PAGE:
Measurement, Modeling, and Characterization for Power-Aware Computing
Licentiate thesis, 2014
Society’s increasing dependence on information technology has resulted in the deployment of vast compute resources. The energy costs of operating these resources coupled with environmental concerns have made power-aware computing
one of the primary challenges for the IT sector. Making energy-efficient computing a rule rather than an exception requires that researchers and system designers use the right set of techniques and tools. These involve measuring,
modeling, and characterizing the energy consumption of computers at varying degrees of granularity.
In this thesis, we present techniques to measure power consumption of computer systems at various levels. We compare them for accuracy and sensitivity
and discuss their effectiveness. We test Intel’s hardware power model for estimation accuracy and show that it is fairly accurate for estimating energy consumption when sampled at the temporal granularity of more than tens of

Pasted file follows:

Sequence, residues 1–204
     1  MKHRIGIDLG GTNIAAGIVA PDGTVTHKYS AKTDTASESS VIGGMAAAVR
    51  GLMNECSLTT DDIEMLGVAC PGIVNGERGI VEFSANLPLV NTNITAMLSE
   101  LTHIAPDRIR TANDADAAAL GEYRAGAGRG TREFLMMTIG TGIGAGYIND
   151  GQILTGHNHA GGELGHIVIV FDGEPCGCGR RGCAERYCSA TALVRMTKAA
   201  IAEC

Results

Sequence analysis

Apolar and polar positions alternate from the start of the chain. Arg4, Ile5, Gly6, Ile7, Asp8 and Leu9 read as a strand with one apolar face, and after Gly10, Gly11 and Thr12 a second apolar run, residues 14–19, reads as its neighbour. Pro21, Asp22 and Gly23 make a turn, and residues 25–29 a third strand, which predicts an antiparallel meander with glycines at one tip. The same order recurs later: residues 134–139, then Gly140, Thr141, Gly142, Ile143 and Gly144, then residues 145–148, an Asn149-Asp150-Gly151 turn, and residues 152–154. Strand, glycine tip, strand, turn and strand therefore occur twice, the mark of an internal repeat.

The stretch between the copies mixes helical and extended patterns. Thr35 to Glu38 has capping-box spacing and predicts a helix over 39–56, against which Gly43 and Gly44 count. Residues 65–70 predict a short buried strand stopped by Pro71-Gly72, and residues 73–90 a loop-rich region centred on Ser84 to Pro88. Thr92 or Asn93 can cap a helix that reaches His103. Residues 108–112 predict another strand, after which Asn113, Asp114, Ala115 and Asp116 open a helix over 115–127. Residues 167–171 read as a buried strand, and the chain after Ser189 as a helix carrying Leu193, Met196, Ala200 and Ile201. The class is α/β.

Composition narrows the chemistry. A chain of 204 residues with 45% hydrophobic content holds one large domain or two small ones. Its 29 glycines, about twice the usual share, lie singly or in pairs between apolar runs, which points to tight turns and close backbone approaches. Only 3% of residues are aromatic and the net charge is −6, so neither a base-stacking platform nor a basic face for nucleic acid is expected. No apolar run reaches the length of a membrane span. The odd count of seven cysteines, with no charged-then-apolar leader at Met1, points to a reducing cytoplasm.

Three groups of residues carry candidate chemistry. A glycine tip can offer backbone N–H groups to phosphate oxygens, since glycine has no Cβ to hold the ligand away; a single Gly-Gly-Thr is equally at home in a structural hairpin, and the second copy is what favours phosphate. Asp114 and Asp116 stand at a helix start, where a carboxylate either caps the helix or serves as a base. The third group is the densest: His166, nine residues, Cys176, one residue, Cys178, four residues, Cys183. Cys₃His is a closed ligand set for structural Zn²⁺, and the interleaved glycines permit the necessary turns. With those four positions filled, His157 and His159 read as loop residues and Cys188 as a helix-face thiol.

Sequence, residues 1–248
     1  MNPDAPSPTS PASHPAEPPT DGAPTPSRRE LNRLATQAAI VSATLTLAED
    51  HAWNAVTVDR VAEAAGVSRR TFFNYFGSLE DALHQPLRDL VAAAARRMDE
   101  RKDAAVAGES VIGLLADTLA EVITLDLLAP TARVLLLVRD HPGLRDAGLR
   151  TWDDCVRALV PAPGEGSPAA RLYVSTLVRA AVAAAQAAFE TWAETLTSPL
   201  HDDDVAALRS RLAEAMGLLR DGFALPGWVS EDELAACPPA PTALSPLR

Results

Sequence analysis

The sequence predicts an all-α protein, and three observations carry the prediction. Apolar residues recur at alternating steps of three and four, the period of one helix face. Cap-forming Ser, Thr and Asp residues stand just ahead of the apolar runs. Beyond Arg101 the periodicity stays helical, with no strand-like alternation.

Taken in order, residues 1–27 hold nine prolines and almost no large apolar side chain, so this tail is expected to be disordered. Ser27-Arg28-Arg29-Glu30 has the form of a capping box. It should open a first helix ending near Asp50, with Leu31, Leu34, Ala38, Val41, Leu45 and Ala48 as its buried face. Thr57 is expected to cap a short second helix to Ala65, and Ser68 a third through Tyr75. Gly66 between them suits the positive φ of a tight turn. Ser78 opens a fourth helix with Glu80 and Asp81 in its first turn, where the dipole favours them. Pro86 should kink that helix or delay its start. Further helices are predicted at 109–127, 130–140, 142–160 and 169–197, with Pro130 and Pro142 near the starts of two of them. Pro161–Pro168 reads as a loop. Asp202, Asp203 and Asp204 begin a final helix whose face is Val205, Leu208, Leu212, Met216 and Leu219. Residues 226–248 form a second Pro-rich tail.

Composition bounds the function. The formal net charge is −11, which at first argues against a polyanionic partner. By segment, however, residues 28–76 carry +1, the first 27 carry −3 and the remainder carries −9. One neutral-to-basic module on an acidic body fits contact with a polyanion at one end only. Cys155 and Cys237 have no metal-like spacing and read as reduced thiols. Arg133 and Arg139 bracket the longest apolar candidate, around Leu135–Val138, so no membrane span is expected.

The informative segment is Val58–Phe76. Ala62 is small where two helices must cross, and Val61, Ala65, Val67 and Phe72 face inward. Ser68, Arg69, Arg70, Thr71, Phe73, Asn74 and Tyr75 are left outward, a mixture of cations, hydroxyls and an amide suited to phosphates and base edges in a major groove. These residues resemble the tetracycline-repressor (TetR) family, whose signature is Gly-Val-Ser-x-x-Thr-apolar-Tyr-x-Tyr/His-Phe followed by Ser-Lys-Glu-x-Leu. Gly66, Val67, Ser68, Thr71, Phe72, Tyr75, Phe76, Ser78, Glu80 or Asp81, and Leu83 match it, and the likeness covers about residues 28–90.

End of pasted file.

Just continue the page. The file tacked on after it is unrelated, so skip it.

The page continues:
We present a methodology to estimate per-core processor power consumption using performance counter and temperature-based power modeling and validate it across multiple platforms. We show our model exhibits negligible computation
overhead, and the median estimation errors ranges from 0.3% to 10.1% for applications from SPEC2006, SPEC-OMP and NAS benchmarks. We test the usefulness of the model in a meta-scheduler to enforce power constraint on a system.
Finally, we perform a detailed performance and energy characterization of Intel’s Restricted Transactional Memory (RTM). We use TinySTM software transactional memory (STM) system to benchmark RTM’s performance against competing STM alternatives. We use microbenchmarks and STAMP benchmark
suite to compare RTM versus STM performance and energy behavior. We quantify the RTM hardware limitations that affect its success rate. We show that RTM performs better than TinySTM when working-set fits inside the cache and that RTM is better at handling high contention workloads.